I’ve talked about serotonin before. It’s a neurotransmitter (chemical that sends a specific message from one brain cell to another) that is believed to play an important role in controlling our moods. Only 1% to 2% of all the serotonin on our bodies is located in the brain but it’s still a very important percentage. The balance of the serotonin in our bodies is located in the stomach and blood platelets.
Research is showing that low levels of serotonin can lead to aggression. When the level is where it needs to be a person can feel more calm and have less anxiety. Increasing your exercise plan can increase serotonin levels in the brain and that will help you have a more positive mood. It might even help you sleep better because it can make some people sleepy.
There is an article that was published on September 25, 2011 that has some very good information on how serotonin levels can affect moods and behavior. During this study the participants filled out a personal questionnaire, and were given a diet that was sometimes deficient on tryptophan which is the building block for serotonin. After this was done the participants had brain scans done with a fMRI (See my article “Brain Scans can Detect Fibromyalgia).
This is a direct quote from the article “Dr Molly Crockett, co-first author who worked on the research while a PhD student at Cambridge’s Behavioural and Clinical Neuroscience Institute (and currently based at the University of Zurich) said: “We’ve known for decades that serotonin plays a key role in aggression, but it’s only very recently that we’ve had the technology to look into the brain and examine just how serotonin helps us regulate our emotional impulses. By combining a long tradition in behavioral research with new technology, we were finally able to uncover a mechanism for how serotonin might influence aggression.”
Another co-first author, Dr Luca Passamonti, worked on the research while a visiting scientist at the Medical Research Council Cognition and Brain Sciences Unit in Cambridge (and currently based at the Consiglio Nazionale delle Ricerche (CNR), Unità di Ricerca Neuroimmagini, Catanzaro), said: “Although these results came from healthy volunteers, they are also relevant for a broad range of psychiatric disorders in which violence is a common problem. For example, these results may help to explain the brain mechanisms of a psychiatric disorder known as intermittent explosive disorder (IED). Individuals with IED typically show intense, extreme and uncontrollable outbursts of violence which may be triggered by cues of provocation such as a facial expression of anger.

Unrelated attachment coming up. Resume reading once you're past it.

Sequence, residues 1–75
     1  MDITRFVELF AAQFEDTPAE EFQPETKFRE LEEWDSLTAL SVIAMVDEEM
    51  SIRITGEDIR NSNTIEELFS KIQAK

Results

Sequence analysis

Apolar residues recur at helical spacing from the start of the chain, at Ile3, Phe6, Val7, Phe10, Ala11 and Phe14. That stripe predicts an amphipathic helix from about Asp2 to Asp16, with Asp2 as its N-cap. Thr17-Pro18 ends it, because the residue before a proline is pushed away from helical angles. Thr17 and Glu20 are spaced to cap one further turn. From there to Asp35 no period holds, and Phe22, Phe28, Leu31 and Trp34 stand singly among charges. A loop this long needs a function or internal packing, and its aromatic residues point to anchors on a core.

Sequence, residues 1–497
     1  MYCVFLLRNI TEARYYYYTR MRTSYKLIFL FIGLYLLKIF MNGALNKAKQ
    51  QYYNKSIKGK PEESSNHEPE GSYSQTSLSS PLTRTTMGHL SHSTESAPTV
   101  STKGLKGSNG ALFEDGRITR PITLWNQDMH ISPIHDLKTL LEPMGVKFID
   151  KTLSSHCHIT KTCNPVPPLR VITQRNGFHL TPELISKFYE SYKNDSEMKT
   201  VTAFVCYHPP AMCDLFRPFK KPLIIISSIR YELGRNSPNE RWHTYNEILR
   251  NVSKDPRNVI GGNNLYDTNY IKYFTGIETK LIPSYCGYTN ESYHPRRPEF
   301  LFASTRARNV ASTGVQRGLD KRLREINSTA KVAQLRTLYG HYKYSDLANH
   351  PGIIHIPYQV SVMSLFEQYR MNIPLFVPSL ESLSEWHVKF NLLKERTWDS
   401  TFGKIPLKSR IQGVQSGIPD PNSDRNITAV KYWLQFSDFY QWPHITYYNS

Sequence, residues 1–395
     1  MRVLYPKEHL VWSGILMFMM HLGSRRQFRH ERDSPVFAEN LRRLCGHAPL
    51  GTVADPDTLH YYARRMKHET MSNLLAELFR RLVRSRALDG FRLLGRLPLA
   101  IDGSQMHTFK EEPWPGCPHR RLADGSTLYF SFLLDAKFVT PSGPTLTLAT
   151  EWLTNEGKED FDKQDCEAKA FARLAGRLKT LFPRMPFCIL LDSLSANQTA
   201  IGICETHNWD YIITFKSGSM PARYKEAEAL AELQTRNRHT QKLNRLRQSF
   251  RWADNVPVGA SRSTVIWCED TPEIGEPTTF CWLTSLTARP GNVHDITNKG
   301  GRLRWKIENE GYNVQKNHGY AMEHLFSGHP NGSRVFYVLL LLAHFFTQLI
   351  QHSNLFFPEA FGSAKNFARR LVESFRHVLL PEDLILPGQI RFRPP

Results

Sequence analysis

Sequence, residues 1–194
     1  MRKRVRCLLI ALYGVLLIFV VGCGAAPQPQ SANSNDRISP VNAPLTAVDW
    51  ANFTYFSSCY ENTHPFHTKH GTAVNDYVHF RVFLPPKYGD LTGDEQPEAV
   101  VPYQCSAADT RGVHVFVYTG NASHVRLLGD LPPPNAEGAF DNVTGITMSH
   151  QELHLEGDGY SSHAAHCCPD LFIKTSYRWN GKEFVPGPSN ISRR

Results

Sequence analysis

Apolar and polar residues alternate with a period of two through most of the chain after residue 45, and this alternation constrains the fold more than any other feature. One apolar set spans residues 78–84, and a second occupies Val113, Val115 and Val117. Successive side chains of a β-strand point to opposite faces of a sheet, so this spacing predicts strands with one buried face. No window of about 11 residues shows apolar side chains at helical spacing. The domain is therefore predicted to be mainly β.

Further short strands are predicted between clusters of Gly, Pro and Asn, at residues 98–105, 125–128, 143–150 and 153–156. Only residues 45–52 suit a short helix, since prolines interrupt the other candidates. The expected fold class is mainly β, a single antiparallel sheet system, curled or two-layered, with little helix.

“We are hopeful that our research will lead to improved diagnostics as well as better treatments for this and other conditions.” You can read the rest of the article for all of the details.
Serotonin levels and fibromyalgia are a touchy mixture it appears. First, it appears that women in general are more sensitive to serotonin levels. They get moody before their periods, during menopause and often after having children.
Women who have fibromyalgia should get as much exercise as they can, and get out in the sun.
Oh geez, certain carbohydrates (the things those of us with fibromyalgia crave) can even increase serotonin levels. Eating carbohydrates causes an increase in your insulin output and insulin’s effect in increasing tryptophan.
Carbohydrates are broken down in sugar molecules when they are digested. The sugar molecules are eventually released into the bloodstream which increases the amount of glucose in your blood. When this happens your insulin levels increase and breaks the sugar down to produce energy and move extra glucose from your blood to your body cells. Insulin also makes it easier for tryptophan to get into the brain.
Tryptophan is an amino acid that is in foods like turkey. It’s the thing that makes us feel sleepy and relaxed after Thanksgiving dinner.
As you can see, serotonin levels and fibromyalgia can have a direct effect on eachother. A low serotonin level can result in moodiness, and perhaps lead to depression. Keeping your serotonin level up where it should be will help you be more objective, in a better mood, and perhaps sleep better. All of these things will do nothing but help your fibromyalgia symptoms.
Serotonin Levels and Fibromyalgia